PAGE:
Pikmin keyrings! https://www.n-europe.com/news/pikmin-4-rubber-cutout-keyring-added-to-my-nintendo-rewards/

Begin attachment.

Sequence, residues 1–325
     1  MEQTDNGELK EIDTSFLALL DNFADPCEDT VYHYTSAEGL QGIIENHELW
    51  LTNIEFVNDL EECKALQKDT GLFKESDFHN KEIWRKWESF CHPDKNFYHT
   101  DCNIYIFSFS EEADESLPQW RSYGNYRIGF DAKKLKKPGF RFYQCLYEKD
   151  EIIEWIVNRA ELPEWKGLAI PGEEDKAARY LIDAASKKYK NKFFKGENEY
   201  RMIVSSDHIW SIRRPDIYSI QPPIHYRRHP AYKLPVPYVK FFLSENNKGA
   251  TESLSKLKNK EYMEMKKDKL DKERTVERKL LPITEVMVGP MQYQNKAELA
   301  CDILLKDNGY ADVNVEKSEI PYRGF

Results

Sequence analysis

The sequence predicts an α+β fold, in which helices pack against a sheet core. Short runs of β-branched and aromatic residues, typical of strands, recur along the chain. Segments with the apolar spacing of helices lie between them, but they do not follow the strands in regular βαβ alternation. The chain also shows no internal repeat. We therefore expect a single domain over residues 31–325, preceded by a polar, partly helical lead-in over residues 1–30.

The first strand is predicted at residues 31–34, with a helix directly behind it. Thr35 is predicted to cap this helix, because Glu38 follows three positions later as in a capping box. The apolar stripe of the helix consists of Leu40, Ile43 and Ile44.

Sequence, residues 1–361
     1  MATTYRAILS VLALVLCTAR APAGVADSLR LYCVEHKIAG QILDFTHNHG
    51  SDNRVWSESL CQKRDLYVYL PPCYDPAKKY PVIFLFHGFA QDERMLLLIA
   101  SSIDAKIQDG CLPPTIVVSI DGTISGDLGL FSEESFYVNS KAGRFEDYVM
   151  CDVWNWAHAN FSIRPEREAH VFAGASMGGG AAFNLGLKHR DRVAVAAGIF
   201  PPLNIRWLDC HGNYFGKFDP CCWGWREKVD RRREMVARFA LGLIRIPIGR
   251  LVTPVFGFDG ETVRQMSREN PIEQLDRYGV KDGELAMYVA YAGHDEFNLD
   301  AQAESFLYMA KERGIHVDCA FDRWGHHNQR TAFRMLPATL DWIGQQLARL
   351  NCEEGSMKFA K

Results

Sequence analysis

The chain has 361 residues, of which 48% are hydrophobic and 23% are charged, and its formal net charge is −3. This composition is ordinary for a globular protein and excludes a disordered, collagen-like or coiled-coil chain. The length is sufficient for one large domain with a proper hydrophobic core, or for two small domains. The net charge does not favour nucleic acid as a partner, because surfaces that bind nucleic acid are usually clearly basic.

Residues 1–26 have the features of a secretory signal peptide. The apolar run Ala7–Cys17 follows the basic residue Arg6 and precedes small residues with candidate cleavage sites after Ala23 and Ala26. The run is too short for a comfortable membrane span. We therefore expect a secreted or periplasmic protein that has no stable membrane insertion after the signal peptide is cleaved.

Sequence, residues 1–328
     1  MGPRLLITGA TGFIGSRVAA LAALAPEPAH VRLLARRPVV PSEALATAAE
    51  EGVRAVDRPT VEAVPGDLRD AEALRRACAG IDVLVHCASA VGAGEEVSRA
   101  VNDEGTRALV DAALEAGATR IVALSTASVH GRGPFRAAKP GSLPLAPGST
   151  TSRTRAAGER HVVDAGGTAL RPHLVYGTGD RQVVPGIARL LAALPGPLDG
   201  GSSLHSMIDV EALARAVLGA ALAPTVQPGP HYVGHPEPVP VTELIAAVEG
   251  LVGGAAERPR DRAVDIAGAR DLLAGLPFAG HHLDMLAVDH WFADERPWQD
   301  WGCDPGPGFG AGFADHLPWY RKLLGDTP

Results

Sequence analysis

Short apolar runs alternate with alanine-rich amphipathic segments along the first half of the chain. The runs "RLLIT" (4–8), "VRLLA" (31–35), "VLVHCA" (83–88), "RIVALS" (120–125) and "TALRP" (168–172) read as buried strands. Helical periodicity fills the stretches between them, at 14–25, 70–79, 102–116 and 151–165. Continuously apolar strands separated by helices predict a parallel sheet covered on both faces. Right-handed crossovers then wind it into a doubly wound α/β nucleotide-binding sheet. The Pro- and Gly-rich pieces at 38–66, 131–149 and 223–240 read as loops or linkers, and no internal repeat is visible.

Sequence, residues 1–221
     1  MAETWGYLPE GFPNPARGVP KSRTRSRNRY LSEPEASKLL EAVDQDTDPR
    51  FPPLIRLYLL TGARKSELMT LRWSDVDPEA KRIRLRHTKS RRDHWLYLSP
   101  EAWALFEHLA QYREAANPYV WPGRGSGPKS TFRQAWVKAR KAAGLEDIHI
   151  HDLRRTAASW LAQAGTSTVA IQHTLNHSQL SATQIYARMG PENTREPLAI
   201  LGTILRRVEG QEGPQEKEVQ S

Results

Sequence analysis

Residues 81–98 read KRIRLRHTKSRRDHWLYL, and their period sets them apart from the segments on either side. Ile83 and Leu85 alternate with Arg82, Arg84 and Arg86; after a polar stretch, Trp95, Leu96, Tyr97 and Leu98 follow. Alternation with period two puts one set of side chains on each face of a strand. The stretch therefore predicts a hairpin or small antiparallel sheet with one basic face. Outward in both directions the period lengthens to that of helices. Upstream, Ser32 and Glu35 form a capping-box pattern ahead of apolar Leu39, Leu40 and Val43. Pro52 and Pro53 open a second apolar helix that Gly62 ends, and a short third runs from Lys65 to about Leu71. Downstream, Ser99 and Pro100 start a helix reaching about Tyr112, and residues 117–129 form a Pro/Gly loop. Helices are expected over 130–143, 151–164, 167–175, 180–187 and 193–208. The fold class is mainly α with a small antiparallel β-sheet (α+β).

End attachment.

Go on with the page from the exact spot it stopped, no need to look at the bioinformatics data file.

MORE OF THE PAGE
5. 4 points
  6. 4 points
    Deadpool & Wolverine trailer:
  7. 4 points